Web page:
Scientists Use Lasers to Direct Lightning Strikes to Safe Critical Targets- Technology News, Firstpost


A team of European researchers and scientists said on Monday that they have succeeded in targeting lightning for the first time using a laser beam, hoping the method will help people avoid and possibly cause fatal lightning strikes in the future.

Direct from SciFi_ Scientists use lasers to direct lightning strikes to safe critical targets

Scientists hope that with lasers, they will be able to direct lightning strikes away from targets and critical infrastructure such as power plants and power grids to a safer area. They also hope that in this way people will be able to avoid fatal lightning strikes.

Worldwide, lightning strikes 40-120 times per second, killing more than 4,000 people each year and causing billions of dollars in damage.

However, the lightning rod, invented by American musician Benjamin Franklin in 1749, is still the primary defense against these pneumatic bolts.

Years ago, a group of scientists from six research institutes tried the same concept but they use a much more sophisticated and precise laser instead of a basic metal electrode.

Now, they explain the use of a laser beam, shot from a Swiss mountaintop, to direct a lightning bolt over 50 meters in a study just published in Nature Photonics.

Aurelien Houard, a physicist in ENSTA Paris’ Department of Applied Optics and lead author of the study, stated, “We wanted to provide the first evidence that lasers may have an effect on lightning, and are easier to aim.

But for future applications, “it would be better to shoot lightning,” Howard said.

How do you catch lightning?
Static energy that builds up in storm clouds or between clouds and the ground releases itself as lightning. The plasma, which is produced by the laser beam, heats the air with charged ions and electrons.

According to Howard, the air turns “partially conductive, and therefore a path favored by lightning.” In a similar experiment, conducted by scientists in New Mexico in 2004, their laser failed to catch lightning.

According to Howard, this laser failed because it did not produce enough pulses per second to ignite the lightning, which it does in fractions of a second. It was also difficult to “predict where the lightning will land,” he continued.

In the latest experiment, scientists left little to chance. They hauled a car-sized laser, which can fire up to a thousand light pulses per second, atop the 2,500-meter-high Mount Santis in northeastern Switzerland.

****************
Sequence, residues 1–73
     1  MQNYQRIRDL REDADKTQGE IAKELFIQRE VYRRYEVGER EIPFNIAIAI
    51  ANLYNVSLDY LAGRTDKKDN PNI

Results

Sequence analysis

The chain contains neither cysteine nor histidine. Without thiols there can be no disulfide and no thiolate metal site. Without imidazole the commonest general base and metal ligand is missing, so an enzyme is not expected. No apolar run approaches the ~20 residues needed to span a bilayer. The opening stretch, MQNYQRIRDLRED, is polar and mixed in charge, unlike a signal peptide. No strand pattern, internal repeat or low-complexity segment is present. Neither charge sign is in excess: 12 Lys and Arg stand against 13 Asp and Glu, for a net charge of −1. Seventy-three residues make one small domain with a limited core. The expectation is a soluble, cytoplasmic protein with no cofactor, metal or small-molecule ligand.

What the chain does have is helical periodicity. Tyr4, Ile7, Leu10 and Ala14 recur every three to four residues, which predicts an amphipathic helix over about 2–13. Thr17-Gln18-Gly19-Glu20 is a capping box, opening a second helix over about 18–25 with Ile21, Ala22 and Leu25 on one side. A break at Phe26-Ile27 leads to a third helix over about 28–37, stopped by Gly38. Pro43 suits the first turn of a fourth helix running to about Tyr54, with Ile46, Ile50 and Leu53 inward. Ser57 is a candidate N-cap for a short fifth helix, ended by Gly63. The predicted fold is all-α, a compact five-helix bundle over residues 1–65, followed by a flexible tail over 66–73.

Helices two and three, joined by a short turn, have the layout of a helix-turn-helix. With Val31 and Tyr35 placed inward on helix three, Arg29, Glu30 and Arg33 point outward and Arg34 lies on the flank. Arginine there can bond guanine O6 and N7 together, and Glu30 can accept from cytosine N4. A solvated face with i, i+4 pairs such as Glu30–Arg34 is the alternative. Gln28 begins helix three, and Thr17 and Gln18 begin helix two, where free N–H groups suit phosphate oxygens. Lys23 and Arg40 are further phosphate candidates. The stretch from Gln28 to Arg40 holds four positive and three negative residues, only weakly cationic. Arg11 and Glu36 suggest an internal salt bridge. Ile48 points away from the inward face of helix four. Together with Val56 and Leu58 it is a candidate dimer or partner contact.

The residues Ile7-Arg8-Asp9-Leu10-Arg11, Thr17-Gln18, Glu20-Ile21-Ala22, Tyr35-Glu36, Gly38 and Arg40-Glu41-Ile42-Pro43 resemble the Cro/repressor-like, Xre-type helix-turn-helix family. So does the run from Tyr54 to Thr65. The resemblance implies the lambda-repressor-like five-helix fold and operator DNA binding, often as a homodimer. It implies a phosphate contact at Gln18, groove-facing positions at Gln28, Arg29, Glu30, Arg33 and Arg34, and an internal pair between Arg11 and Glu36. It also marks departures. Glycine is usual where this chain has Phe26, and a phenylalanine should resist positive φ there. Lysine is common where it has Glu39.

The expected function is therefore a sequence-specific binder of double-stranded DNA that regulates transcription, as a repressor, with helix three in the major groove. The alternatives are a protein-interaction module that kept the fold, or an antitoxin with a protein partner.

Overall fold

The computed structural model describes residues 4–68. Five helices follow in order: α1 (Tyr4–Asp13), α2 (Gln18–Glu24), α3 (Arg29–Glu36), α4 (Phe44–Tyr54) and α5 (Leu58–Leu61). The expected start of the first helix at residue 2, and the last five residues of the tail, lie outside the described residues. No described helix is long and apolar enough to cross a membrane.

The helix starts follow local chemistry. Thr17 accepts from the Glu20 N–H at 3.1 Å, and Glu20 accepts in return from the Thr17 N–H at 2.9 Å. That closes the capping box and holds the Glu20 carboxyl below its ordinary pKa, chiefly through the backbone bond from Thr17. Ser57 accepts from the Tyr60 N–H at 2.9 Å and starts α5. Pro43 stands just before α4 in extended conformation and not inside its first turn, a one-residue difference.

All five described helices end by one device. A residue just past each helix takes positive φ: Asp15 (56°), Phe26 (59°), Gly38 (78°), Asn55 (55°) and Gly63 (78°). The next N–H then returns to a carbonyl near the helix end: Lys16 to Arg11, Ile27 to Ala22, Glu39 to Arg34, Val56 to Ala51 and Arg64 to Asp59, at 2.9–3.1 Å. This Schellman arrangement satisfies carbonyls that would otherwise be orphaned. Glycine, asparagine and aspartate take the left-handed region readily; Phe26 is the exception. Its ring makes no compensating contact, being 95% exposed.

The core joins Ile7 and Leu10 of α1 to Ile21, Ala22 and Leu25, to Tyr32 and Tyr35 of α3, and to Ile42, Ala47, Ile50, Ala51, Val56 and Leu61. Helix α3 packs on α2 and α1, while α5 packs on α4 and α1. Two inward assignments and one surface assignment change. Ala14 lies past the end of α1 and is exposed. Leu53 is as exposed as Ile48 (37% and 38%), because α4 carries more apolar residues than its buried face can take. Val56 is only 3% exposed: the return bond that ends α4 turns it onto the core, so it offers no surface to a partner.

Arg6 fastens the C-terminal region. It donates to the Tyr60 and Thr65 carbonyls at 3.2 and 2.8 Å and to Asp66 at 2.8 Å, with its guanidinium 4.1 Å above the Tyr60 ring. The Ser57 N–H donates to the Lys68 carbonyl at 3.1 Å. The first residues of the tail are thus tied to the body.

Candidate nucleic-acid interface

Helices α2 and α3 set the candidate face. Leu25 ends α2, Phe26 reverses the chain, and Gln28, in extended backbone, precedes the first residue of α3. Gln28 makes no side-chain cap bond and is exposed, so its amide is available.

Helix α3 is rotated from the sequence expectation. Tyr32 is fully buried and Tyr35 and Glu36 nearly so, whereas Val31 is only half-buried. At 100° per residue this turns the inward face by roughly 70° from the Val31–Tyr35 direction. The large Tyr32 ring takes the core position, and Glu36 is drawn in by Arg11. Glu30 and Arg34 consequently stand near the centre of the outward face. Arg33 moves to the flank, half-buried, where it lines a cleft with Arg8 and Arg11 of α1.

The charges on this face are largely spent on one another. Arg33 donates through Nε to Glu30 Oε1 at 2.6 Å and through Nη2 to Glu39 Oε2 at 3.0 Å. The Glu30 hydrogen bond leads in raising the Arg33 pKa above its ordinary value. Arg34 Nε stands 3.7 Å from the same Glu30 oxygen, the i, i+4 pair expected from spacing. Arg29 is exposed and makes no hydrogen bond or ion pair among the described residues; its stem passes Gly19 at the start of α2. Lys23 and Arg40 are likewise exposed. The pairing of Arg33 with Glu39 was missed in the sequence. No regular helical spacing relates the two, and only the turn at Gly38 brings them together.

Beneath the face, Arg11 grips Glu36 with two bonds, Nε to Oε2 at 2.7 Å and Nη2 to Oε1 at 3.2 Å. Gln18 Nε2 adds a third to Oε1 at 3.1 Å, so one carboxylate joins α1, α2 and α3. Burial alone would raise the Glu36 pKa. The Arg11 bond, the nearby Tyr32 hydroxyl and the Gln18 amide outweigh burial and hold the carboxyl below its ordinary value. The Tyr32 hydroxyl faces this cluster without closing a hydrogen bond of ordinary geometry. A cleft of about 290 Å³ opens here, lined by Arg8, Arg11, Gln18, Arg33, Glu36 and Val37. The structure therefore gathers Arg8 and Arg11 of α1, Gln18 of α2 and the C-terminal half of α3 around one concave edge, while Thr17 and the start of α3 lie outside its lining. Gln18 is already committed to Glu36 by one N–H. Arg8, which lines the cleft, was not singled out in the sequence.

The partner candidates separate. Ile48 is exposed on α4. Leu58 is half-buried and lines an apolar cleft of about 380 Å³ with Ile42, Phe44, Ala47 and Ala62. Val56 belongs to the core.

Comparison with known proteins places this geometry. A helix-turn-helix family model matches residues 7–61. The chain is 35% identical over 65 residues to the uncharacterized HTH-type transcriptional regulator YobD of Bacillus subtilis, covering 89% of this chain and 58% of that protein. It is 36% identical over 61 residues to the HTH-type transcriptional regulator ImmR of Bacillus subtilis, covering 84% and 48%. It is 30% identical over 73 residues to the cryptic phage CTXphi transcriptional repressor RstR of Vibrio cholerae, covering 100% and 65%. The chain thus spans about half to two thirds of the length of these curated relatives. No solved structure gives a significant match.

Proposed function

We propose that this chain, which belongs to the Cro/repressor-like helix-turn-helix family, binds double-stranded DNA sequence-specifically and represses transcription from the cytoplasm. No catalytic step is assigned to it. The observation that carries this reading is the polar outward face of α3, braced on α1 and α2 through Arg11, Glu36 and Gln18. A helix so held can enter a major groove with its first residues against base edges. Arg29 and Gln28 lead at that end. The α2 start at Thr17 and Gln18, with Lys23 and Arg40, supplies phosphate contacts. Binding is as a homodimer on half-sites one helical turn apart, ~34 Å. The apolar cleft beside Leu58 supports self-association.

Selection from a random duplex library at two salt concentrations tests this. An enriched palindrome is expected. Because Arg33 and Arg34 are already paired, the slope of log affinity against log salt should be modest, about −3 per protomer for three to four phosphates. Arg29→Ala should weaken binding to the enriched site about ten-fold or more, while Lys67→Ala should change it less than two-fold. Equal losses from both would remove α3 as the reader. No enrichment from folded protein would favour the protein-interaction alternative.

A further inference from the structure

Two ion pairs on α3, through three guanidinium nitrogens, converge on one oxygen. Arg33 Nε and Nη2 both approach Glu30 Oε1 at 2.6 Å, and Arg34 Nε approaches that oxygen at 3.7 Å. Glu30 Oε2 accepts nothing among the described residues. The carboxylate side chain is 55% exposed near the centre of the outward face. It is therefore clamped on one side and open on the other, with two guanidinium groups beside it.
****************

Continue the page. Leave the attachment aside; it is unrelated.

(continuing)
The summit is home to a communications tower that gets struck by lightning about 100 times a year. It took two years to build the powerful laser, and several weeks to transport it by cable car in sections. The huge containers that would carry the telescope eventually had to be lowered by helicopter.

The telescope focused the laser beam to maximum intensity at a spot about 150 meters in the air above the top of the 124-meter diameter. The beam is 20 centimeters in diameter at the beginning but narrows to just a few centimeters at the top.

Lightning ride
The researchers captured an image of their beam moving a lightning bolt 50 to 60 meters during a storm in the summer of 2021. Interferometric tests revealed that three other impacts were also directed.

The majority of lightning develops from precursors within clouds, however, if the electric field is strong enough, some lightning may also rise from the ground. “Once the ground is connected to the cloud, the current and strength of the lightning bolt becomes really apparent,” Howard added.

The scientist claimed that one of these ancestors is guided by a laser, which makes it “much faster than the others, and much straighter.” Then, before it lights up, it will be the first to connect to the cloud. This means that, in theory, this technology could be used to not only deflect lightning, but to trigger it in the first place.

This could allow scientists to better protect strategic facilities, such as airports or missile launchers, by igniting strikes at a time of their choosing. In practice, this would require high conductivity in laser plasmas, which scientists don’t think they’ve mastered yet.





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